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“I still got a story to tell”: Wu-Tang Clans’s Ghostface Killah talks growing old, finding God and Twelve Reasons to Die

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  • published
    16 Apr 2013
  • words by
    Sweeney Kovar
  • tags
    Adrian Younge
    Ghostface
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You have grown kids now right?

Yeah I got grown kids. You start talking about things that mean something because you’re getting older now. You’re not talking about, ‘yo I’m in front of the building with five cracks in my pocket’ at 70. You’re not gonna talk about that.

Sometimes I wonder if hip-hop stunted its own growth in a way. You have cats on the radio that are grown men that are making songs for children basically. 

It’s just that people have to follow a certain suit to be heard. These little niggas are coming in and doing what they do. When I was little I came in at 23 so now you got these guys coming in at 23 and 20 but that’s what it is. Shit always evolves to something else, nothing always stays the same. People gotta learn how to accept that. This music shit, yeah it’s they time to have that. So what you could do is stay doing what you coin but sometimes you gotta put them little niggas under your wing, you know what I mean, like ‘c’mere, gimme a hook nigga’, to keep you there. Do shit with them, because they look up to you too, don’t just push them out the way. Before they was on, there was no South shit like it is now, it was all East Coast shit. Alotta them mothafuckas love you. do what you gotta do for them, that’s the youth! That’s the youngs! Still do what you do tho, and do it well so when it’s time to go on that basketball court with them niggas, you gotta show them who’s boss. When I say that basketball court, I mean that track, you know what I mean, or that stage. Alotta people follow. The people are so simple-minded, you gotta water certain shit down, make a radio hit. Now you in the club. When you start talking that shit we were talking about back in the days like ‘C.R.E.A.M.’ and all that, it’s not gonna get played like that.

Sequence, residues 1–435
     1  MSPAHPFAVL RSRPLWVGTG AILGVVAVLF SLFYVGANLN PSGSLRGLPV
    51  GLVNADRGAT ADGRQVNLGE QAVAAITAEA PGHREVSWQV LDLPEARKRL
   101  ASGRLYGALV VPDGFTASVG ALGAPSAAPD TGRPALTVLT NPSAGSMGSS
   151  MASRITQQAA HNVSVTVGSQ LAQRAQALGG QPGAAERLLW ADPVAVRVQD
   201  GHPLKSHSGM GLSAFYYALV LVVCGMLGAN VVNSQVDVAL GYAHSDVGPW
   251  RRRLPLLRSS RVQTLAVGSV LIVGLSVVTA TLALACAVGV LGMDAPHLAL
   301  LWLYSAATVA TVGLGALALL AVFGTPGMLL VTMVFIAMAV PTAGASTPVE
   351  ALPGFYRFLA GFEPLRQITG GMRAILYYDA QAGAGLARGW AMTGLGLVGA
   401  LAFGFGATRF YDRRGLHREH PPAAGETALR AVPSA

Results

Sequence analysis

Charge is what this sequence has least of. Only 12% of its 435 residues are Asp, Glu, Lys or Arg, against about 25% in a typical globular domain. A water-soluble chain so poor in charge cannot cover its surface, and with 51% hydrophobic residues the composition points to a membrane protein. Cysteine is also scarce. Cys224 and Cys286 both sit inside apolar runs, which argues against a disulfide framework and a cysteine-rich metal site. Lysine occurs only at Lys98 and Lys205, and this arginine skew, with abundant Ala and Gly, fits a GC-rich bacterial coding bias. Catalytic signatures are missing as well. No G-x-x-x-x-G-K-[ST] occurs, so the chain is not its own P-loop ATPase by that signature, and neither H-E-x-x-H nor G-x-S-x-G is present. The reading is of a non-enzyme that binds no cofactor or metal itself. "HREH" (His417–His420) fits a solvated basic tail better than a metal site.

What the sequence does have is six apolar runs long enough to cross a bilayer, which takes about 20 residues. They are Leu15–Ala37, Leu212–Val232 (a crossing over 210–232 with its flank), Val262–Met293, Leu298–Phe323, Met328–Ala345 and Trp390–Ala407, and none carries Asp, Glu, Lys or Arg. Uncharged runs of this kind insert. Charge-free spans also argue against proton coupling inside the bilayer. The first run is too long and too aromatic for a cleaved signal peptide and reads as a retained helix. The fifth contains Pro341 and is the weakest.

You came from an era where you had to invest money into your product, you had to press that 12″, you had to meet people, you had pass it off to people and now things can get done behind a computer and get today’s version of that effect. As someone who comes from that era, that now is probably an era we can’t go back to, how do you feel about it?

I don’t even think about that shit no more. It is what it is. What you gonna do? Really, tell me what you’re gonna do? You gonna protest or something? You can’t do shit man. You gotta do what you do and stay in the race. Don’t sit here and talk about what these other niggas is doing. They do what they do to try and make it happen. It’s a whole new sound. It’s everywhere. Back then you had Mobb Deep, you had Nas, you had me and Rae and Wu Tang, we all like the same sound. West Coast had Snoop, Dre, E-40, it’s a whole different sound. Now you got all types of genres of shit. It’s a whole fuckin’ mix of shit. Do you, like I said, and do it well. As long as you can write good and you got good beats, you’ll be all right. You still got muthafuckas out there that recognize real shit. It’s just gotta be heard – if you can be heard, you’ll be all right.

 

“I wanna do a God album, a positive album so the kids and everybody will understand what’s going on. I want to tell what’s going on through my eyes.”